WL#3634: Recursive WITH (Common Table Expression)

Affects: Server-8.0   —   Status: Complete   —   Priority: Very High

WHAT?
=====

Support recursive CTE. Example:

Numbers from 1 to 10:

with recursive qn as
 (select 1 as a union distinct select 1+a from qn where a<10)
select * from qn;
prints 1 to 10.

Fibonacci numbers:

with recursive qn as
 (select 1 as n, 1 as un, 1 as unp1 union all
  select 1+n, unp1, un+unp1 from qn where n<10)
select * from qn;
n	un	unp1
1	1	1
2	1	2
3	2	3
4	3	5
5	5	8
6	8	13
7	13	21
8	21	34
9	34	55
10	55	89 # 89 is the 10th Fibonacci number

Hierarchy traversal like parts explosions or ancestors-descendants; here's a
company's org chart:

CREATE TABLE EMPLOYEES (
ID INT PRIMARY KEY,
NAME VARCHAR(100),
MANAGER_ID INT,
INDEX (MANAGER_ID),
FOREIGN KEY (MANAGER_ID) REFERENCES EMPLOYEES(ID)
);
INSERT INTO EMPLOYEES VALUES
(333, "Yasmina", NULL),  # Yasmina is the CEO (as her manager_id is NULL)
(198, "John", 333),      # John is 198 and reports to 333 (=Yasmina)
(692, "Tarek", 333),
(29, "Pedro", 198),
(4610, "Sarah", 29),
(72, "Pierre", 29),
(123, "Adil", 692);
# Give me the org chart with the management chain for every employee (= the path
from CEO to employee):

WITH RECURSIVE EMPLOYEES_EXTENDED(ID, NAME, PATH)
AS
(
SELECT ID, NAME, CAST(ID AS CHAR(200))
FROM EMPLOYEES
WHERE MANAGER_ID IS NULL
UNION ALL
SELECT S.ID, S.NAME, CONCAT(M.PATH, ",", S.ID)
FROM EMPLOYEES_EXTENDED M JOIN EMPLOYEES S ON M.ID=S.MANAGER_ID
)
SELECT * FROM EMPLOYEES_EXTENDED ORDER BY PATH;
ID	NAME	PATH
333	Yasmina	333
198	John	333,198
29	Pedro	333,198,29
4610	Sarah	333,198,29,4610 # Sarah->Pedro->John->Yasmina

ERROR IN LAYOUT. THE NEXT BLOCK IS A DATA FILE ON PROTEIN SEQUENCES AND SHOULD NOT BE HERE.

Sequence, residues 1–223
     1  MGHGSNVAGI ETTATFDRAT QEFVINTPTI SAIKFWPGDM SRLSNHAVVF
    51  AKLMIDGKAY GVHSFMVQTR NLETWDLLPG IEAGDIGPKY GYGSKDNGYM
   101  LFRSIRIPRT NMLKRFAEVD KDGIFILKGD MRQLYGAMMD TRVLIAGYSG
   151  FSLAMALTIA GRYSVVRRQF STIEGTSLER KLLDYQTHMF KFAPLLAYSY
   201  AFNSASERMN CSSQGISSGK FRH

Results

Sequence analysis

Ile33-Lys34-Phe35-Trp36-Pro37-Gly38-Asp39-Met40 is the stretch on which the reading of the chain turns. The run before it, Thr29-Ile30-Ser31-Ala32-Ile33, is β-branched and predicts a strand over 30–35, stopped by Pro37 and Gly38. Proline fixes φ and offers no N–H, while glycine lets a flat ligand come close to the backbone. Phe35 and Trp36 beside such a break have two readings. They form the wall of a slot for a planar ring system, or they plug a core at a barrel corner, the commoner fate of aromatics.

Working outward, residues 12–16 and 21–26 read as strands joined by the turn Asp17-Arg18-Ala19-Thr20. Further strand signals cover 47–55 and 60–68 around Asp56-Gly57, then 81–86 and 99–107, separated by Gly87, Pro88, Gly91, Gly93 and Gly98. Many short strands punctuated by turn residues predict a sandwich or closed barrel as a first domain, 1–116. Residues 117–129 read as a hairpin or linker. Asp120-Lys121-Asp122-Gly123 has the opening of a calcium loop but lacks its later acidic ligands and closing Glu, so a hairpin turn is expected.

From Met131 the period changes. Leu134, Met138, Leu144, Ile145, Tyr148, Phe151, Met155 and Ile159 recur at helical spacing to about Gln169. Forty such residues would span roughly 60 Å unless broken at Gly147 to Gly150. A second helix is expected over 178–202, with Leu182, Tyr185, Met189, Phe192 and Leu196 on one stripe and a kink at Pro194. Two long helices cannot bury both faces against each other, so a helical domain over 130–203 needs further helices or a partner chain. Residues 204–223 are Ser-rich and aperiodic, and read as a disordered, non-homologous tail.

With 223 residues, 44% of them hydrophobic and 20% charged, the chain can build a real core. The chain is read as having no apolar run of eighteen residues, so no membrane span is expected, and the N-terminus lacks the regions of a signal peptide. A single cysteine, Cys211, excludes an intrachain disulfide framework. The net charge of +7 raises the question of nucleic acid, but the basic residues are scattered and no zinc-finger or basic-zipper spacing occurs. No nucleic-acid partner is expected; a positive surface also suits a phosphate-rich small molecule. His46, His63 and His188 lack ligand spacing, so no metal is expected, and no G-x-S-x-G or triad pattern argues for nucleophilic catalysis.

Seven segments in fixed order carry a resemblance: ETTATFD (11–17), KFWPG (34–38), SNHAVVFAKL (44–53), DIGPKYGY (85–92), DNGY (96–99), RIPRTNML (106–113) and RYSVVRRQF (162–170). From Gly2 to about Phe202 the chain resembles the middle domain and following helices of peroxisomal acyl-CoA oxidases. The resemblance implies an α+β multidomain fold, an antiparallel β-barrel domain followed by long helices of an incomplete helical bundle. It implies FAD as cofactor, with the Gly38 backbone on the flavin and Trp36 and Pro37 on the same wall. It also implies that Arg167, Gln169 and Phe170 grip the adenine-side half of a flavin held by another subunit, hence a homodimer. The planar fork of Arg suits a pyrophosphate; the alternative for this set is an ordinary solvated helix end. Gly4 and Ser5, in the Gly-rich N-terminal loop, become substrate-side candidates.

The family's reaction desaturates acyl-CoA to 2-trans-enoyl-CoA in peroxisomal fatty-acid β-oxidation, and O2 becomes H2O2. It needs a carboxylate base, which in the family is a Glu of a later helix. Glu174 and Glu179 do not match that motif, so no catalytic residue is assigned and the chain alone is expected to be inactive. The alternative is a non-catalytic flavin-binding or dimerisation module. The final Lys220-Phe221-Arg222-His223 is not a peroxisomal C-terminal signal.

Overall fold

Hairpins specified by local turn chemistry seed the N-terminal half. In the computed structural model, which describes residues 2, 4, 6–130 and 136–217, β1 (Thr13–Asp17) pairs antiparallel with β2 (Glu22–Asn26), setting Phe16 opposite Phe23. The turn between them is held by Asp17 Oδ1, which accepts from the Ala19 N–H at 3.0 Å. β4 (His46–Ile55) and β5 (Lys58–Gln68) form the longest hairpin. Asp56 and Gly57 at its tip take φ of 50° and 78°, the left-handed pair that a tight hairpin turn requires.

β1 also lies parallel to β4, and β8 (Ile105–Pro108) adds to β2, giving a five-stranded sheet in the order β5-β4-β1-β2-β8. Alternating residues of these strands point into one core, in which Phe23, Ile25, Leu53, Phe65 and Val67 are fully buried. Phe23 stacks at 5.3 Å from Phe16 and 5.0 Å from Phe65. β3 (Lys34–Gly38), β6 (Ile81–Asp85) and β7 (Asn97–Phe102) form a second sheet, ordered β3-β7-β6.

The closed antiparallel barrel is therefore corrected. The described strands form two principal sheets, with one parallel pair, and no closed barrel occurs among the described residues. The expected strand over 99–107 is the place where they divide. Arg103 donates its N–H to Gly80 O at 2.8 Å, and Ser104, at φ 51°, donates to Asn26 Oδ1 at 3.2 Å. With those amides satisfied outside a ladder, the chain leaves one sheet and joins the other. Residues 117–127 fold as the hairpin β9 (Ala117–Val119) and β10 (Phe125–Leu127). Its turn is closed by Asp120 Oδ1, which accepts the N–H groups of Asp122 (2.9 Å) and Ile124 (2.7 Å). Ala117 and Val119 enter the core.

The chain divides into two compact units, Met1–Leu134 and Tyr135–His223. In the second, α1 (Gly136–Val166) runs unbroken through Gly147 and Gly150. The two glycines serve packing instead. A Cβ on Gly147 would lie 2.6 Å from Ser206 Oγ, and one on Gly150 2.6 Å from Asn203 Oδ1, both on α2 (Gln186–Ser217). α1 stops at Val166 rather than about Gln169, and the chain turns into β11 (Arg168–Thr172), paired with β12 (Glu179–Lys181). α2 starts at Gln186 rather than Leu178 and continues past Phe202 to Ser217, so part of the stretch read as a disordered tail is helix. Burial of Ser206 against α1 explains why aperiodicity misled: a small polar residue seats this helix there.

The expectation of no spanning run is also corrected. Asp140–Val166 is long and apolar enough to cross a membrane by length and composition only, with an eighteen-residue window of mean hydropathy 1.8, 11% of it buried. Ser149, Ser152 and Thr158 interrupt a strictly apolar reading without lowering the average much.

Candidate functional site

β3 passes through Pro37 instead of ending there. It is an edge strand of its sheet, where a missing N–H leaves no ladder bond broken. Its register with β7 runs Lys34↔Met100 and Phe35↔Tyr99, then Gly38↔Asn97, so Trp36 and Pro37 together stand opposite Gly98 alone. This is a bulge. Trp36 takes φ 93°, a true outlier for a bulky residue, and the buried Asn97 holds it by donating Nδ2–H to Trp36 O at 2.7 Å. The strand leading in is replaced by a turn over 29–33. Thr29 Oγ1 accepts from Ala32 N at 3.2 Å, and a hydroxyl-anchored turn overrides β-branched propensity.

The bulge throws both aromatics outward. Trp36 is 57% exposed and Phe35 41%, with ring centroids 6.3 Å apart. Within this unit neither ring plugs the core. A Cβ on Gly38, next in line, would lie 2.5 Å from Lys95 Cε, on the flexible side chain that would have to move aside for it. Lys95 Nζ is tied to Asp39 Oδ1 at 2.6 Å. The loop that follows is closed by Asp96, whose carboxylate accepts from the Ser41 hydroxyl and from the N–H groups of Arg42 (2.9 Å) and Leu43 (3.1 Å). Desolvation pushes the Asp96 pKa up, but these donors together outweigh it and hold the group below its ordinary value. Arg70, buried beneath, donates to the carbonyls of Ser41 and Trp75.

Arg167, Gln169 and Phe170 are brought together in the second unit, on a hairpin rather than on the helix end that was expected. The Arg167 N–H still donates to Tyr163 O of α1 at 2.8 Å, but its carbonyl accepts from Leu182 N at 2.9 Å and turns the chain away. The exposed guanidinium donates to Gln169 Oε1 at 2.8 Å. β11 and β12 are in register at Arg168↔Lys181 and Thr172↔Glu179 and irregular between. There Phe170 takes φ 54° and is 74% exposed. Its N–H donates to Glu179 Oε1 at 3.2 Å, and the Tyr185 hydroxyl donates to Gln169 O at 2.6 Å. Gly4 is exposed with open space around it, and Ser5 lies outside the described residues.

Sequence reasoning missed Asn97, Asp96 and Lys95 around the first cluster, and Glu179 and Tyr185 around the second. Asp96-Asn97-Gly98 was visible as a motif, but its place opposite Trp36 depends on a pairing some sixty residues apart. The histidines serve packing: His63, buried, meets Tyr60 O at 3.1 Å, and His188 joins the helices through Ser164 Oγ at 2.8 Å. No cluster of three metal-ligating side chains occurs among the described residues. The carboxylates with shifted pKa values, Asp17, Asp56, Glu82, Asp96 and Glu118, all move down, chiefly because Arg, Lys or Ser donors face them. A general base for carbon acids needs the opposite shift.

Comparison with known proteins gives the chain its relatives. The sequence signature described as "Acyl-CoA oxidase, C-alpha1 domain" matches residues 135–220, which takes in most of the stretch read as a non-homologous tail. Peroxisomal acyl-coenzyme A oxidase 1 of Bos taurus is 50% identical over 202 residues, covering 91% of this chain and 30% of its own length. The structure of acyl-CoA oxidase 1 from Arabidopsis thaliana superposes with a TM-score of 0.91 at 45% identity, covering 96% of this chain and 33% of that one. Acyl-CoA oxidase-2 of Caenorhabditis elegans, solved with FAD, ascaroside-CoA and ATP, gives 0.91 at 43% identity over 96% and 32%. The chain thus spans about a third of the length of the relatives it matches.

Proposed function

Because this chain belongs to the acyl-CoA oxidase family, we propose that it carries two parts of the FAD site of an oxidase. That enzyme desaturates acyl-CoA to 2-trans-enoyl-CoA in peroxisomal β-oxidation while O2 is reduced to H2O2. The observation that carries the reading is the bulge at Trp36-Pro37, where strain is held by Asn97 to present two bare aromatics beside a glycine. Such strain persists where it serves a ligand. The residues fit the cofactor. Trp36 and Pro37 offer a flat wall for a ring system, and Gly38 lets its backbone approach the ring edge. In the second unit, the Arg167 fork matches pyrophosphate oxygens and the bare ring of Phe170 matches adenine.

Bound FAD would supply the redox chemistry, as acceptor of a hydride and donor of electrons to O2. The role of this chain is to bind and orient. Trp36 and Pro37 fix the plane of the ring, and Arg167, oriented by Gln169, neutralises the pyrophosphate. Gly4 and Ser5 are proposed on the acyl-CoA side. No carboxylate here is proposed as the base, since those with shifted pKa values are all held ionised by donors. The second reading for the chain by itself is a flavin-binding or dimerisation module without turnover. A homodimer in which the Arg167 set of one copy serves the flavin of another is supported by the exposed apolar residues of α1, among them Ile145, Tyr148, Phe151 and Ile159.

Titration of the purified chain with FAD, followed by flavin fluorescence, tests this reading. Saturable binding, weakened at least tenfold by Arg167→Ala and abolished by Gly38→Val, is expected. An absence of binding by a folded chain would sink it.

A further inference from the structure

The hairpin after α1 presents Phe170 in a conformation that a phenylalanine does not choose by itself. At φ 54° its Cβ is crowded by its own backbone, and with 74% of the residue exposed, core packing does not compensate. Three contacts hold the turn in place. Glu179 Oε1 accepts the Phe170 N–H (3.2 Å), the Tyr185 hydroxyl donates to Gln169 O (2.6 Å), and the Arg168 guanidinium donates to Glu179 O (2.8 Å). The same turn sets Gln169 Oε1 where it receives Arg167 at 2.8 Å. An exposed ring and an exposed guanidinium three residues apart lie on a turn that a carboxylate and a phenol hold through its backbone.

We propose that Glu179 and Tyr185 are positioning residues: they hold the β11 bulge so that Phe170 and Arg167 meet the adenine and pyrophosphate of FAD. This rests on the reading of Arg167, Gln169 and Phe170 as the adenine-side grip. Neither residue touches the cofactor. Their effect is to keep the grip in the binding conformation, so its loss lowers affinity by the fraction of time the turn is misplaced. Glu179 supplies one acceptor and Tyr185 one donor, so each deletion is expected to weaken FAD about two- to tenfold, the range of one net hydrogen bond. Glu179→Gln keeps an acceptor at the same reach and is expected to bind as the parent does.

72	Pierre	333,198,29,72
692	Tarek	333,692
123	Adil	333,692,123

Except by creating a large stored procedure, it is not possible to achieve this
result without this feature.
It is similar in idea to Oracle's CONNECT BY.

DO OTHERS HAVE IT?
==================

yes: standard SQL99, DB2, SQL Server, Oracle, SQLite, PostgreSQL.

MISC
====

Slides 40-59 of
http://fr.slideshare.net/MarkusWinand/modern-sql

In SQL2011 it is optional feature T131/132 described in paragraph <query
expression>.

It is possible to emulate this with a generic SP:
http://guilhembichot.blogspot.co.uk/2013/11/with-recursive-and-mysql.html
but this SP has to create persistent tables, requiring privileges, requiring
proper cleanup, etc.
F-1 support the WITH RECURSIVE syntax

F-2 Recursive query blocks should have a "recursive" mark in EXPLAIN

F-3 Same reference practice as for non-recursive CTEs, with the only addition
that a recursive CTE is allowed to reference itself. For example, mutually
recursive CTEs are not supported (t1 referencing t2 referencing t1).
See WL#883 for necessary background.

Syntax
======

Coverage in this description
will only be about the necessary addition for WITH
that enables recursion. This is for a minimal
requirement -- recursive queries can be very
complex.

A WITH clause is, as in WL#883, a list of CTEs.
One or more of those CTEs may reference itself in its subquery: it's a
"recursive CTE". A WITH clause may define a mix of non-recursive
CTEs and recursive CTEs; if it has recursive ones it must have the
RECURSIVE keyword.

The elementary description, with one single (recursive) CTE, is:

WITH RECURSIVE cte AS
(SELECT ... FROM table_name              /* "seed" SELECT */
 UNION [ALL | DISTINCT]
 SELECT ... FROM cte,table_name)  /* "recursive" SELECT */
SELECT ... FROM cte;

The parenthesized "(SELECT ... UNION ALL SELECT ...)"
has two query blocks. The first is the "non-recursive" (also known as "anchor"
or "seed" in some other products), which is
what one "starts with". The second is the "recursive" one,
which explains how the DBMS navigates from the seed's result. The "recursive"
one references the CTE. The "non-recursive" doesn't.
Execution does like this:
- non-recursive query block is evaluated, result goes into an internal tmp table
- if no rows, exit
- (A): recursive query block is evaluated over the tmp table's lastly inserted
rows, and it produces new rows which are appended to the tmp table (if UNION
ALL; only distinct not-already-there rows if UNION DISTINCT)
- if the last step didn't produce new rows, exit
- goto (A)

This algorithm is good to traverse a hierarchy: the non-recursive query block
returns the top parent,